Iran summons Pakistani ambassador over border killings

Iranian border guards display the packages of seized Afghan-made drugs at the Iran-Afghanistan border check point in Milak, south-eastern province of Sistan-Baluchestan, Iran, Oct.10, 2012.

Iranian border guards display the packages of seized Afghan-made drugs at the Iran-Afghanistan border check point in Milak, south-eastern province of Sistan-Baluchestan, Iran, Oct.10, 2012.

Iran has summoned the Pakistani ambassador and demanded immediate steps to stop attacks by “terrorists and rebels” that sparked deadly clashes on the countries’ border, state media reported Sunday.

Noor Muhammad Jadmani was called to the foreign ministry on Saturday evening following the deaths in the restive border province of Sistan-Baluchistan, the official IRNA news agency said,.

Two Iranian border guards and a Pakistani paramilitary officer were killed in a shooting on Thursday evening, sources on the two sides said. Iran said rebels had tried to infiltrate the country.

“It is unacceptable that terrorists and rebels attack our country from Pakistani territory and kill our border guards,” the foreign ministry’s western Asia director, Rasul Salami, told IRNA.

He asked the Pakistani government to “take serious steps to prevent any recurrence of such incidents,” the news agency said.

Thursday’s border shooting came after rebel attacks killed five people in Sistan-Baluchistan province earlier this month, four of them security personnel.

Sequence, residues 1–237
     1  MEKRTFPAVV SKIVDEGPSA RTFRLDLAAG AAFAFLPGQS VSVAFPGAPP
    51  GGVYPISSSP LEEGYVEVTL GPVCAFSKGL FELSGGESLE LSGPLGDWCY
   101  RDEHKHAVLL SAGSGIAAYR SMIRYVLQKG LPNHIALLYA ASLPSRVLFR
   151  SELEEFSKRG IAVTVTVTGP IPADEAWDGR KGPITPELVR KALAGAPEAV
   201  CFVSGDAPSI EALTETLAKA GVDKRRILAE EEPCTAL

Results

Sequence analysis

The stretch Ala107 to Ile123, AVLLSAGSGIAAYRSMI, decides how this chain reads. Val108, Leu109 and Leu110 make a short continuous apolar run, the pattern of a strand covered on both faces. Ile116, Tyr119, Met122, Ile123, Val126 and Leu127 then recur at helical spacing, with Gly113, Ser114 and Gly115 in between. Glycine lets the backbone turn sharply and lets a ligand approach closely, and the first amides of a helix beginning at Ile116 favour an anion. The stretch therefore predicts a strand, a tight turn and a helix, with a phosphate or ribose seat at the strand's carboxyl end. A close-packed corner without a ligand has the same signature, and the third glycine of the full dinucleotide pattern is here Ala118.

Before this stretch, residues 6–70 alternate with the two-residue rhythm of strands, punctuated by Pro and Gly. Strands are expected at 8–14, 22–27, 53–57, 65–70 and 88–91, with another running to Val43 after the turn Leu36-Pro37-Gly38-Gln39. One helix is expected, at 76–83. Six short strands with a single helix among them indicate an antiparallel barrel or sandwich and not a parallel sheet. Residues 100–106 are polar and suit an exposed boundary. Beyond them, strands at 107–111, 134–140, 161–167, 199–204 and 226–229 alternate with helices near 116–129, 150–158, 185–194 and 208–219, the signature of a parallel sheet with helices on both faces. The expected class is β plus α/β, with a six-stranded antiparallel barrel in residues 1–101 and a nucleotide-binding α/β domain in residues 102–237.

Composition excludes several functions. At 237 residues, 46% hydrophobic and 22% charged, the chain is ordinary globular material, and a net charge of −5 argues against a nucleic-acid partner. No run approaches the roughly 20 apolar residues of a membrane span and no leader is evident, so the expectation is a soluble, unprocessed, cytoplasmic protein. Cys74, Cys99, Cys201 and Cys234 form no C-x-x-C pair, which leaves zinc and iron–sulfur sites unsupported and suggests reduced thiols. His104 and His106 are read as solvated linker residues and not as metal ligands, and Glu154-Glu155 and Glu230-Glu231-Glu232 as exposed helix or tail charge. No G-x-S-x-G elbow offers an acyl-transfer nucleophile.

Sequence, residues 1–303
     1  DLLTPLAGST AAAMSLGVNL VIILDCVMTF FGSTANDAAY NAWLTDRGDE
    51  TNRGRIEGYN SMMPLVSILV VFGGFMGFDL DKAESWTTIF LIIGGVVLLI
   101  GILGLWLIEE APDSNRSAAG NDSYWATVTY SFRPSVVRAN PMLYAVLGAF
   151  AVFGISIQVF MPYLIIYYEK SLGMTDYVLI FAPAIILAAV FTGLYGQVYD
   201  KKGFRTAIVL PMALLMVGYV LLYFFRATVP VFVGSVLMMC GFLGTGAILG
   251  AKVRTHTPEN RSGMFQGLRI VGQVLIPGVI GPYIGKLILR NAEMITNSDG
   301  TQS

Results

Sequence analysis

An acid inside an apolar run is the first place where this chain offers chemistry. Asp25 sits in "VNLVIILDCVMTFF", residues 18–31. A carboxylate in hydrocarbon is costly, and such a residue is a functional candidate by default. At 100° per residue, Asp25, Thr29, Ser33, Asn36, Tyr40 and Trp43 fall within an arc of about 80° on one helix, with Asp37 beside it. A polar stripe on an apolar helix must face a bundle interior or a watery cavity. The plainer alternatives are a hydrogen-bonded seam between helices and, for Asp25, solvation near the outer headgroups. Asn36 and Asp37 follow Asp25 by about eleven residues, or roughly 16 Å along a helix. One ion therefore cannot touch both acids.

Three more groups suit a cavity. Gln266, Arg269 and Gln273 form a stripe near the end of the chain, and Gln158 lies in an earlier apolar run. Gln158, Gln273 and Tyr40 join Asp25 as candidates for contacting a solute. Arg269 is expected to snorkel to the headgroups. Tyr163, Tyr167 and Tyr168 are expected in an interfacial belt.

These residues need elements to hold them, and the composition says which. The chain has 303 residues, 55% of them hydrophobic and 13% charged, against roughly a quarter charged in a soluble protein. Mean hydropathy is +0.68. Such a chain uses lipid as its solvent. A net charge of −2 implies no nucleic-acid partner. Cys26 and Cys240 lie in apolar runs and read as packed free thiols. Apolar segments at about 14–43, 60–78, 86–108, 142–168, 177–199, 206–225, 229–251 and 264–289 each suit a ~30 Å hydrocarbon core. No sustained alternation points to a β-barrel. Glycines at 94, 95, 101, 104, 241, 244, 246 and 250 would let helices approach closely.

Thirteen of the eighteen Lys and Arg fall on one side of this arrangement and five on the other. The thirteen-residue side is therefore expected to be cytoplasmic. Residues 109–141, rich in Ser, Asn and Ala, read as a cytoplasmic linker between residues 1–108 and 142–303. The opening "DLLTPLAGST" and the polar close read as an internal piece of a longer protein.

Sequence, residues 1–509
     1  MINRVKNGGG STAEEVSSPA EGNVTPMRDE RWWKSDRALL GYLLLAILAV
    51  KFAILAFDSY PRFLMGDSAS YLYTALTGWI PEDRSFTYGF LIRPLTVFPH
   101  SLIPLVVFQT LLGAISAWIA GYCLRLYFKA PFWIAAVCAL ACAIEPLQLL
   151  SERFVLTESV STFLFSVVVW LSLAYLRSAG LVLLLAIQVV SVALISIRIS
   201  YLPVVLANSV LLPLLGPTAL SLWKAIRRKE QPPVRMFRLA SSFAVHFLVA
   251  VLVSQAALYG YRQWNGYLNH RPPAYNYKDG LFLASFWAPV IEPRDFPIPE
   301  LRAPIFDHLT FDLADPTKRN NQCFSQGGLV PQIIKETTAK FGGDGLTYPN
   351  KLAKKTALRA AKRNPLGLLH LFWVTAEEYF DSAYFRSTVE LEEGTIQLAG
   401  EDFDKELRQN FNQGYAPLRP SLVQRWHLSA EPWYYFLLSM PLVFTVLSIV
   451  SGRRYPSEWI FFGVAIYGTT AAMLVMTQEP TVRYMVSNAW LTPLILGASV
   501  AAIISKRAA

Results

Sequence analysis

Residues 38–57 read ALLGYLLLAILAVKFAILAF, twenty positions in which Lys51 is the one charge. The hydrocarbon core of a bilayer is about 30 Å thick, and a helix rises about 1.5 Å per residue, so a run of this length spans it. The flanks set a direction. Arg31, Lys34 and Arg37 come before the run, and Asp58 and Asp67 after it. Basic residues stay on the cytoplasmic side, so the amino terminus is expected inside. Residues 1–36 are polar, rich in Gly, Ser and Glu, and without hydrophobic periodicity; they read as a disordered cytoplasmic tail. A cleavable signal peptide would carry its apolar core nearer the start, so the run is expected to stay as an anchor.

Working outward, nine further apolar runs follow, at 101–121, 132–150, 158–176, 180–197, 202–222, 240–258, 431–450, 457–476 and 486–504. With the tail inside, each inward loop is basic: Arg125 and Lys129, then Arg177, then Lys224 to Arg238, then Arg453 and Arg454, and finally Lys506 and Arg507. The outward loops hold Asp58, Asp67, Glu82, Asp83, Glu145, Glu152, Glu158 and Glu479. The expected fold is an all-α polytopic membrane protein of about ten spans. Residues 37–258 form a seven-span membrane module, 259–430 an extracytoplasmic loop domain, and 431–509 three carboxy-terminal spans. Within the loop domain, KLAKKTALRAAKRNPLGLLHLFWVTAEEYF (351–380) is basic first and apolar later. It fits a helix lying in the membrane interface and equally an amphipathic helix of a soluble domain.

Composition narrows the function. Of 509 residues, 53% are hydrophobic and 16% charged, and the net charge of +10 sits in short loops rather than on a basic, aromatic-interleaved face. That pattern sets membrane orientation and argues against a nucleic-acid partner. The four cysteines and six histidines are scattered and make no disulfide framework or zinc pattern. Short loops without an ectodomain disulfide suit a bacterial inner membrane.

Iranian media said 14 people were arrested in connection with those attacks.

Last month, an Iranian soldier was killed and two pro-government militiamen wounded in an attack authorities blamed on Sunni extremist group Jaish-ul Adl (Army of Justice).

The same group captured five Iranian troops in February, four of whom were released in April. The fifth soldier is presumed dead but his fate remains officially unknown.

Sistan-Baluchistan has a large Sunni Muslim community in otherwise predominantly Shiite Iran and it has been plagued by violence involving Sunni extremists and drug smugglers.

Ethnic Baluchis straddle the border into Pakistan’s Baluchistan province, where a long-running separatist conflict was revived in 2004.

The nationalists charge that the central government in Islamabad has exploited the region’s natural resources and committed human rights abuses.

But the idea of giving greater autonomy to the province, the size of Italy but with only nine million inhabitants, is highly sensitive in a country still scarred by the independence in 1971 of its eastern portion, now Bangladesh.

 
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